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Staff Picks Reviewer: Faith

Airbow by Maria Kalaniemi & Sven Ahlbäck []

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What is Finnish button accordion music, anyway? If you like Sharon Shannon, you’ll love Maria Kalaniemi.

She’s virtuosic, soulful and versatile. On this album she teams up with Swedish fiddler and scholar of folk music Sven Ahlbäck for a selection of traditional Scandinavian tunes and original compositions. They are both technically brilliant and have a wonderful synergy together. Johan Hedin joins them on nyckelharpa (Swedish keyed fiddle) and Swedish singer Susanne Rosenberg is featured on a few tunes. The music is spare, gorgeous, with a haunting energy that’s both ancient and contemporary. This is great listening for fans of Nordic or Celtic folk, fiddle tunes, or the undeservedly-maligned accordion.

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The Road to Little Dribbling by Bill Bryson []

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Bill Bryson is at his sincerely sardonic best as he roams his adopted country in search of what he loves best: quaint villages, good hiking, exquisite views, mysterious ancient sites, and odd people to make fun of–including himself. It’s just as unputdownable as all his other travel memoirs.

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The Table of Less Valued Knights by Marie Phillips []

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Marie Phillips, author of the delicious satire Gods Behaving Badly, now turns her gift for parody on the legends of King Arthur and his knights of Camelot. It’s a bit of Terry Pratchett meets Jane Austen meets The Princess Bride. The underdogs at Camelot are the heroes of this comic novel: Sir Humphrey of the Table of Less Valued Knights (the rectangular one in the draftiest corner, where they only get leftovers and watered-down wine) takes up a quest to find a damsel’s missing fiancé. Meanwhile in the neighboring kingdom, the freshly-minted and unwilling Queen Martha runs away from her destiny while another knight is tasked with bringing her back to the exceptionally unpleasant Prince-Consort-who-wants-to-be-King Edwin. Nobody is quite what they appear, except perhaps the elephant Jemima. Even the Lady of the Lake is a substitute, annoyed with having to hold on to the magic sword while the original Lady has run off with Merlin. Full of wit, surprises and off-the-wall characters, this contemporary re-visioning of medieval myths is a lot of fun.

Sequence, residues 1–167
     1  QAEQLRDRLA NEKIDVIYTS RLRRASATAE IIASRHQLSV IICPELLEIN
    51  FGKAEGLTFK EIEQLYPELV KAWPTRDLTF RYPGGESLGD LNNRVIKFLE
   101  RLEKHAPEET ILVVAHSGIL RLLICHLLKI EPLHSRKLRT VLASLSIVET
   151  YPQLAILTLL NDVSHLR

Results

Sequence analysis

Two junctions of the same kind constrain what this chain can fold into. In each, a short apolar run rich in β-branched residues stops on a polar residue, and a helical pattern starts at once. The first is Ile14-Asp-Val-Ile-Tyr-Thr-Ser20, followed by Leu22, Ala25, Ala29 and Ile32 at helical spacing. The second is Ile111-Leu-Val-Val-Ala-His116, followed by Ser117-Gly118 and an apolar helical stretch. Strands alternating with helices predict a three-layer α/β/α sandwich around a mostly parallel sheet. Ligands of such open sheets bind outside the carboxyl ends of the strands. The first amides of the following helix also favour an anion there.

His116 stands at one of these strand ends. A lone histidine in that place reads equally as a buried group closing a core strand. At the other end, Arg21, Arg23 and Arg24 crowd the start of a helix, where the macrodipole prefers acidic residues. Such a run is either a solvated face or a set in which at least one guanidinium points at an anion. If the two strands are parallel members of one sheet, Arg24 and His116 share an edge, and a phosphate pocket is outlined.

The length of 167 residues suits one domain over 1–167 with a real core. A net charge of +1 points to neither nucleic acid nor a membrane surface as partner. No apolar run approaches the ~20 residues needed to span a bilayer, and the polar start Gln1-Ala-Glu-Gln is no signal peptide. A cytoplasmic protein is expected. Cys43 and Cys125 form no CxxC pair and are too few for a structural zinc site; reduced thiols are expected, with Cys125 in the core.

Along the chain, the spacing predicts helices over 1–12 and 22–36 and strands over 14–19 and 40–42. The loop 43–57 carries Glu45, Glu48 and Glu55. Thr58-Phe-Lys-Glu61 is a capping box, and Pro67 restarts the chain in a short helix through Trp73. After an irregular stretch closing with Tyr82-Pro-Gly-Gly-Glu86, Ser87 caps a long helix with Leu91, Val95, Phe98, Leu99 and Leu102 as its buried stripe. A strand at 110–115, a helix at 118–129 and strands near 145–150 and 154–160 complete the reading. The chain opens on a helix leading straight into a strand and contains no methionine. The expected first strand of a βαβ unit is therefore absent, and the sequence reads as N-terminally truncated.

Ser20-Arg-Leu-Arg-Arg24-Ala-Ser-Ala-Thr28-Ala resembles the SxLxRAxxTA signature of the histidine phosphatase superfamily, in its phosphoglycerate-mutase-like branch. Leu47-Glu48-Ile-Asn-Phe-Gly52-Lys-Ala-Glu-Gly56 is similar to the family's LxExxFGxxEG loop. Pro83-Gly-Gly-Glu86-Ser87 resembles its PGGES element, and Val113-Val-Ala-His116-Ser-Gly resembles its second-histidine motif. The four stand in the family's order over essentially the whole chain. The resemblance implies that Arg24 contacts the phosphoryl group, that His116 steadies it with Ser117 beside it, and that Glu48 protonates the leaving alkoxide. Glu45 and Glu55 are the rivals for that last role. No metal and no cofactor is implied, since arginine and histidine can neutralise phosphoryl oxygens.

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Stuffology 101 by Brenda Avadian, MA, and Eric Riddle []

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I was going to have a photo taken of me reading this in front of a pile of boxes we haven’t unpacked since the last move, but I couldn’t find the camera.
Stuffology is a refreshing contrast to The life-changing magic of tidying up even though it promises similar benefits to getting rid of excess stuff. They’re serious about their subject but light-hearted in their approach. Get rid of the accumulated objects that are weighing your life down and you’ll be better able to focus, function and live fully in the present. Plus they coined the acronyms CHAOS (Can’t Have Anybody Over Syndrome) and POOP (Piles Of Overwhelming Paperwork).

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Gods Behaving Badly by Marie Phillips []